The Supreme Court Must Ultimately Save Us From Second Amendment Genocide

gunlawsWe are trapped in a nightmarish, escalating civil war in which gun nuts, bolstered by the otherwise sensible people who support them in this national insanity, battle against those who recognize that we can we never hope to acceptably reduce gun violence until gun ownership is dramatically reduced.

Yes legislative action can blunt the damage a bit. We could and should prohibit semi-automatic weapons, as well as deadly ammunition and large capacity magazines. We could and should improve our mental health testing and strengthen background checks. We should stop shielding gun manufacturers from liability. But honestly, even all of these would not do nearly enough. These sort of legislative actions are merely the band aids we apply since we know we have no chance to obtain the life-saving cure we desperately need. In the case of our gun epidemic, that panacea is a radical gun-ectomy to remove all cancerous firearms from private hands.

Some think that repeal of the Second Amendment is a cure. But the reality is that we are so collectively obsessed with guns that we will never repeal our Second Amendment, no matter what the cost in lives. We could parade piles of bullet-ridden corpses down every American street every day and we would still stubbornly insist that no cost is too high to ensure our god-given right to bear arms. And even if we did, removing this right would do nothing affirmative to limit guns. States would only be free to pass their own similar gun-protection amendments.

But I think there is one slim hope that we are not sufficiently considering. That hope is the Supreme Court. The Supreme Court, with the stroke of one landmark decision, could reinterpret the Second Amendment so as to not only open up legislative options but to force legislators to enact them. Keeping a sensibly interpreted Second Amendment in place would be far more valuable than simply repealing it.

To refresh your memory, the Second Amendment states that “A well regulated Militia, being necessary to the security of a free State, the right of the people to keep and bear Arms, shall not be infringed.” This is an extremely vague statement. Our forefathers made much of their writing intentionally vague so that future courts could reinterpret them in the context of their changing times.

Certainly times have changed with respect to guns. Since this amendment was ratified in 1791, guns have obviously grown in destructive power like the growth of a fire-cracker into a nuclear weapon. The population and our proximity to each other have also grown dramatically. The days of hunting as a necessity are long past. And the number of guns, as well as their destructive power, has grown millions of times over.

Yes, I know that just back in 2008 the Supreme Court ruling in Columbia v. Heller tremendously strengthened Second Amendment protections. Although that ruling was actually very narrow, it has been extended to justify the most generous interpretation. It can be argued that this ruling was as indirectly disastrous for sane gun reform as Citizen’s United was for campaign reform.

But the Supreme Court can, should, and does evolve on important, deeply held issues. It seemed that the Supreme Court had spoken clearly against civil rights in Dred Scott v. Standford and Plessy v. Ferguson. But they did eventually do the right thing in Brown v. Board of Education and Loving v. Virginia.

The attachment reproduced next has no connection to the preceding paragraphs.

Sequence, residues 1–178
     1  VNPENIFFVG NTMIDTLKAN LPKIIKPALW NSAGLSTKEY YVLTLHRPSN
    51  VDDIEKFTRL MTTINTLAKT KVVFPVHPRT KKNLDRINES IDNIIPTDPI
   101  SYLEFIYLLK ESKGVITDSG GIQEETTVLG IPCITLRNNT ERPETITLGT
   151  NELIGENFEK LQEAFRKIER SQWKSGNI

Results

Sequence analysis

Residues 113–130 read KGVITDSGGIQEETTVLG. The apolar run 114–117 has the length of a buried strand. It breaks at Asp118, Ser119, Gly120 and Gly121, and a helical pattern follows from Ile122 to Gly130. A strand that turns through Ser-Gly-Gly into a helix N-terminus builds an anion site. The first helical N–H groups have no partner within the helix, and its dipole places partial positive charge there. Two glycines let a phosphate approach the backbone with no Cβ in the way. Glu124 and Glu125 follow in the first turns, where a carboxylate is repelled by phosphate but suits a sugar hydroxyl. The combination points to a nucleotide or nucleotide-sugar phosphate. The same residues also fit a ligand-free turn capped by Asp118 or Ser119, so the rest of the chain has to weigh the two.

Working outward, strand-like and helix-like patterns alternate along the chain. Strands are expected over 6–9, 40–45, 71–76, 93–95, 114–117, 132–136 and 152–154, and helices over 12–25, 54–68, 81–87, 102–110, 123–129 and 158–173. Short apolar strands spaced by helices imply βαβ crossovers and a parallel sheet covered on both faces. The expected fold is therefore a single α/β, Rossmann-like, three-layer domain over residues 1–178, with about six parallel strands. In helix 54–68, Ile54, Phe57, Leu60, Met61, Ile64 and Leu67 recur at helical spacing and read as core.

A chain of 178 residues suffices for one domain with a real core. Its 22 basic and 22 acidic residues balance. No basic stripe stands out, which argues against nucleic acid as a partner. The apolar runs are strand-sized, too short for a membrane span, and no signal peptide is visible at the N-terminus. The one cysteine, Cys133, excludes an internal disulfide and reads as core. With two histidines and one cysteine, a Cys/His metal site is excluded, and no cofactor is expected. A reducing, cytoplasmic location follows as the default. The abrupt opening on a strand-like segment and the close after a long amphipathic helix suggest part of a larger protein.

If our system is to work at all, we must not give up on the Supreme Court. We must hope eternal that at least one conservative member, in light of our exponentially deteriorating situation with regard to guns, might be willing to agree to subtle but dramatically consequential changes in our interpretation of the Second Amendment.

For example, the Supreme Court could rule that the phrase “a well regulated militia” is key and that it requires a far more limited distribution of weaponry. They could rule that the definition of “arms” must be far more restricted than our current interpretation. They could rule that “infringement” does not mean anything close to the current carte blanche in place now. They could clarify that their ruling in Heller does not justify extreme gun protections nor does it speak against sensible gun control.

Is this likely? Of course not. Is it possible? It certainly is and the impact of such a ruling could be huge. What we must do is not give up on this avenue even as we simultaneously pursue others. We must find justifications to bring a never-ending stream of cases before the Supreme Court to give them opportunities to put forth a modern, ethical, and rational interpretation of the Second Amendment. We could ask them, for example, to rule whether our current lack of gun control might actually violate our Second Amendment right to a well-regulated militia. We could ask them to rule whether it is consistent with the Second Amendment to allow certain weapons to be available for sport purposes only when provided at an approved facility.

Who knows, there may be a Justice right now who might now be willing to bend on this issue, if only given one more opportunity to make such a ruling. In any case, the reality is that until they do our Second Amendment genocide will continue to worsen.

Reinterpreting, not repealing, the Second Amendment is our best way out of this gun crisis that we have brought upon ourselves. Neither voters nor the repeal of the Second Amendment will force lawmakers to control gun proliferation. Just as with slavery and segregation, only a Supreme Court ruling can both allow and force them to do so.

 

A Spoonful of Superstition

Anyone who follows my blog or has read my book, Belief in Science and the Science of Belief, well knows that I argue passionately against most forms of belief-based thinking. But I do have to admit that sometimes a teeny tiny bit of false belief is helpful.

I rarely ever steal anything. If I realize that I was given too much change at the market, I’ll invariably drive back to return it. I don’t do the right thing because I’m such a noble upstanding person. I do it because of superstition.